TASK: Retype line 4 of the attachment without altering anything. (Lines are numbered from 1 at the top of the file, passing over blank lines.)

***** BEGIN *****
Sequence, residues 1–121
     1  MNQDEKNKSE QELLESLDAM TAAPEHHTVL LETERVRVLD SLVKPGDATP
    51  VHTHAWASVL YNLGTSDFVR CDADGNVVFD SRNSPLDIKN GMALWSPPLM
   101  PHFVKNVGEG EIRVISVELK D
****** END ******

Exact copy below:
   101  PHFVKNVGEG EIRVISVELK D